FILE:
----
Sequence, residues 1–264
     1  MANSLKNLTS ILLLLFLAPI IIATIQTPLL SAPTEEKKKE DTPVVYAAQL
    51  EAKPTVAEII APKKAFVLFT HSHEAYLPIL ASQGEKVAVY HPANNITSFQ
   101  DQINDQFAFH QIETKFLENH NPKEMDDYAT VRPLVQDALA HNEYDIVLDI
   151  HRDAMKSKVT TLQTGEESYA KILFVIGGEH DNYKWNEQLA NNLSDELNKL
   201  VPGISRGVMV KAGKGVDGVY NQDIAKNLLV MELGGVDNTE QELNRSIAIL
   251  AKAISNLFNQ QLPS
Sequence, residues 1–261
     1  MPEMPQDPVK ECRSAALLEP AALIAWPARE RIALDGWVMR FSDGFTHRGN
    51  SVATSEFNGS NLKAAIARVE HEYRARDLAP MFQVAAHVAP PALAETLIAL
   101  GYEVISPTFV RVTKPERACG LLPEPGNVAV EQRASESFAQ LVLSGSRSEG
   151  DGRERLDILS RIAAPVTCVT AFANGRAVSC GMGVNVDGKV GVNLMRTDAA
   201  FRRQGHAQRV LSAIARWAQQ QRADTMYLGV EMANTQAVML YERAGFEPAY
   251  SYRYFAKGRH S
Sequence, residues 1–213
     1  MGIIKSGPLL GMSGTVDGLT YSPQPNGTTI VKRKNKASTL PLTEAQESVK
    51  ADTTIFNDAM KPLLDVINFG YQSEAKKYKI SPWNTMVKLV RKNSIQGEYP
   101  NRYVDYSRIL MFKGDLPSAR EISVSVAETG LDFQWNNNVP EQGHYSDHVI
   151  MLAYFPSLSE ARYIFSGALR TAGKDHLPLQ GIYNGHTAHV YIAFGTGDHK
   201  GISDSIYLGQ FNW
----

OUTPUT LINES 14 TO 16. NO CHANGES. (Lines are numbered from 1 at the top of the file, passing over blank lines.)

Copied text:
   251  SYRYFAKGRH S
Sequence, residues 1–213
     1  MGIIKSGPLL GMSGTVDGLT YSPQPNGTTI VKRKNKASTL PLTEAQESVK